Fresno Beehive

Maná has all the trappings of a great stadium rock show

I went into Maná’s Latino Power tour, which stopped Tuesday, September 20 at the Save Mart Center, with a cursory knowledge of the band’s music and two years of high-school Spanish.

So, some of the Mexican rock band’s two-plus hour show – performed entirely in Spanish – was lost without translation.

That’s no fault of the production or the band, which played to a full (if not quite sold out) house of eager fans who knew and sang along with the entire set, which I counted a 22 songs, give or take.

Maná has been playing for 30 years and has earned its reference as the U2 of Spanish rock. It’s a nod to both their musical ability and their massive, worldwide draw. There are better comparisons in my mind – like Genesis or maybe the Police, what with the obvious reggae and ska influence s– but the sentiment holds. Maná is a seasoned stadium rock band and here they put on a stadium rock show with all the trappings.

There were flashing lights and big drums, shredding guitar solos and throngs of fans pushed up against the stage.

Done right, those things work in any language.

 

The curtain drop. @manaoficial at @savemartcenter #latinopowertour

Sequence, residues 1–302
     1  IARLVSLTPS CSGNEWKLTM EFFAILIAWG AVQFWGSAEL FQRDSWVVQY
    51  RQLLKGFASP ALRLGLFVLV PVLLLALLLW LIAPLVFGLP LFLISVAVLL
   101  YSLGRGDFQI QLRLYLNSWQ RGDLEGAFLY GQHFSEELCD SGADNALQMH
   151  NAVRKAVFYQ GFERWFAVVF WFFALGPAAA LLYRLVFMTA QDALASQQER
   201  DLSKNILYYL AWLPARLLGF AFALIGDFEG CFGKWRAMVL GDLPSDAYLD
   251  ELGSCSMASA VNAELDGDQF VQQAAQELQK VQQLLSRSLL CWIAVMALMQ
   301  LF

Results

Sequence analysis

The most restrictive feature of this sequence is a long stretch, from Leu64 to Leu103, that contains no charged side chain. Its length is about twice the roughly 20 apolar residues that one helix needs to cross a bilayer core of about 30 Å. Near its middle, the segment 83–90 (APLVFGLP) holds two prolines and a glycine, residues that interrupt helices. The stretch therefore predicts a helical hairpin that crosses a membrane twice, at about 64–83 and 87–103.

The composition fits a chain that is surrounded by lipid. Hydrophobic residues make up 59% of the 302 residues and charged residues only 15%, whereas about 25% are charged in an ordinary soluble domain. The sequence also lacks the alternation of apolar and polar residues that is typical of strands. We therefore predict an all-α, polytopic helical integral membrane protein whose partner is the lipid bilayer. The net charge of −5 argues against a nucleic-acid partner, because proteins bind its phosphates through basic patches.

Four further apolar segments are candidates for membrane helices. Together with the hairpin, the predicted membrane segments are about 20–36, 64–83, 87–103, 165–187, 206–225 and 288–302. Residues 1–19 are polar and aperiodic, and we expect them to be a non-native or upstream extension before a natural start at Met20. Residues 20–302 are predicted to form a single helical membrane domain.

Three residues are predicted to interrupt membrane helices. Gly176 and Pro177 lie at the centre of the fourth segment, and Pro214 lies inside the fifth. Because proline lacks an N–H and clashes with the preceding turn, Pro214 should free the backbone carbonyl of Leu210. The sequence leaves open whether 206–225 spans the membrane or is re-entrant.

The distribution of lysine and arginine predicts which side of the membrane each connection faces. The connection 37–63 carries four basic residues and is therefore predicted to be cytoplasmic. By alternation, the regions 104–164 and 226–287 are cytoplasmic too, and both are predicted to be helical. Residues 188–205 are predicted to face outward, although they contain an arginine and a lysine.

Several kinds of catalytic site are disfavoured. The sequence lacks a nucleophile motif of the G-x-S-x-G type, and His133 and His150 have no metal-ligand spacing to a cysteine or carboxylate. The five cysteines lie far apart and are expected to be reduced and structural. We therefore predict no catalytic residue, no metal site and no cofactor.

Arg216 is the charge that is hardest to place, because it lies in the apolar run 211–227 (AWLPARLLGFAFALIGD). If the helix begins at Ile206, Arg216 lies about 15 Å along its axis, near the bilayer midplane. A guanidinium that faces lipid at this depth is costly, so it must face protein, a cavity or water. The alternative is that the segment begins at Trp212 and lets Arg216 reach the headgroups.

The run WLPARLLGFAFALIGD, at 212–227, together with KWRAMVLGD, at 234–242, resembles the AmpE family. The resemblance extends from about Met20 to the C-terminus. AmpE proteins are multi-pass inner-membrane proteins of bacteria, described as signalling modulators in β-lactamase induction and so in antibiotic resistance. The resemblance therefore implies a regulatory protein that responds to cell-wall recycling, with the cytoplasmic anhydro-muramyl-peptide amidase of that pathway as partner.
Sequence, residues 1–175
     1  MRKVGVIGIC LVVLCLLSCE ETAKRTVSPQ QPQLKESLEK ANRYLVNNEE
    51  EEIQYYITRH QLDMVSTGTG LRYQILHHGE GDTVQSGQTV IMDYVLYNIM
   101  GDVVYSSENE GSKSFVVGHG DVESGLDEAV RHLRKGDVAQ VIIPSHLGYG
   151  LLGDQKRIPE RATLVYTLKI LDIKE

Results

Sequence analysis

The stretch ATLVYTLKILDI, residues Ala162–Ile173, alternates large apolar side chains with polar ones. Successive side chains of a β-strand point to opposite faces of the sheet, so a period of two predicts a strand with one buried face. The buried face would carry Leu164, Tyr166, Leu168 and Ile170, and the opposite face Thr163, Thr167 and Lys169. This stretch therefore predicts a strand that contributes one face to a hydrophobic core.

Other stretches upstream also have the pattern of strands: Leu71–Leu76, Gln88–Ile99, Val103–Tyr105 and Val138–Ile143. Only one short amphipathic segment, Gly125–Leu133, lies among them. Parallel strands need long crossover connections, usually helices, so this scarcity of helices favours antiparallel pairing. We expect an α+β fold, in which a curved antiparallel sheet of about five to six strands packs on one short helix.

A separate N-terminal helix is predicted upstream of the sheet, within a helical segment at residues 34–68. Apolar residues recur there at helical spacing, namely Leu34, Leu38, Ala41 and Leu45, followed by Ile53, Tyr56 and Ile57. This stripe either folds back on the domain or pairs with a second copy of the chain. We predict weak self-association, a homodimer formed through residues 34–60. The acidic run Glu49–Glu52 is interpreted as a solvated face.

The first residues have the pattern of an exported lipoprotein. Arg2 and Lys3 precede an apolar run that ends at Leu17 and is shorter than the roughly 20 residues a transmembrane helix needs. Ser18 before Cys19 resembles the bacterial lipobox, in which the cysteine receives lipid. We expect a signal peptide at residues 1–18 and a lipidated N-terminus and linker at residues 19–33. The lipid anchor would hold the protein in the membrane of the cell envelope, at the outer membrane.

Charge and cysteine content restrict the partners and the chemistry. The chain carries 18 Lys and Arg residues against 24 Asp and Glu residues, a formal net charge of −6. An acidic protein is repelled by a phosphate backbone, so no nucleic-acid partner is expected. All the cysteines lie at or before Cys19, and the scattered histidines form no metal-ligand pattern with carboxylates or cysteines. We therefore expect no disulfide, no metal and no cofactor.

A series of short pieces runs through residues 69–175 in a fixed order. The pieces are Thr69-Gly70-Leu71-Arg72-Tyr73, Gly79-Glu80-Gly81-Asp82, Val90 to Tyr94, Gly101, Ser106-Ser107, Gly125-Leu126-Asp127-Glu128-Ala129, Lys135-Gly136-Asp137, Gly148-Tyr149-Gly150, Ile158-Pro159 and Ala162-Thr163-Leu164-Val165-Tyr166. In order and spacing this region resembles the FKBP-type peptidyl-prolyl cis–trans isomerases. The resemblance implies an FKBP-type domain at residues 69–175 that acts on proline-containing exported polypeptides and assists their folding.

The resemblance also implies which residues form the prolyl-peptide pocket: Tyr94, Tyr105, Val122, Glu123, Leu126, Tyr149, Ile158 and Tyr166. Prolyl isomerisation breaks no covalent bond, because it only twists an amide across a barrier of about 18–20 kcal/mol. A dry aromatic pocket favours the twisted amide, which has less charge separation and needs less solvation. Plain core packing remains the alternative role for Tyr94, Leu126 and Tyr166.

A video posted by Josh Tehee (@joshuatehee) on

The strongest moment visually, came from the simple, almost childlike video screen animation on “¿Dónde jugarán los niños?,” which also had the band playing in post apocalyptic neon gas masks.

The band split the set between the main stage and a smaller elevated stage at the back of the arena, where vocalist Fher Olvera and guitarist Sergio Vallín did a stripped down acoustic sing along, that was one of the most stirring moment of the night.

In announcing the Latino Power tour, the band promised to deliver a political message to fans in advance of the November elections. That came early in the set, with an animated video that showed the historic progression of the United States and Mexico across the continent. It ended in 2016 with the building of a wall – no doubt Donald Trump’s proposed wall, depicted here as being built with bricks of racism and xenophobia before ultimately being overrun and destroyed by flowering vines.

The band returned to the theme later in the set with a cover of Bob Marley’s “Get Up Stand Up,” which served as a none-to-subtle reminder to get out and vote.

#Latinopower. #cuentaconmigo.

Stray observations:

▪ With the proliferation of video screens, commerical are part of the concert going experience now, I guess.

▪ When I say the audience sang along to every song, I meant just that. Every. Song. All of them.

▪ Bands don’t use stage fog enough anymore. Maná did. It was a simple thing, but used to great effect.

▪ I’m jaded on drum solos. Alex González is an impressive drummer, no doubt, but unless you have your own drum coaster, you should save the energy.

▪ The band would be happy to know, the most political moments of the show prompted discussion from those behind me.

▪ Between the T-shirt and hot dog vendors, there was a lot of commerce happening outside the arena after the show.

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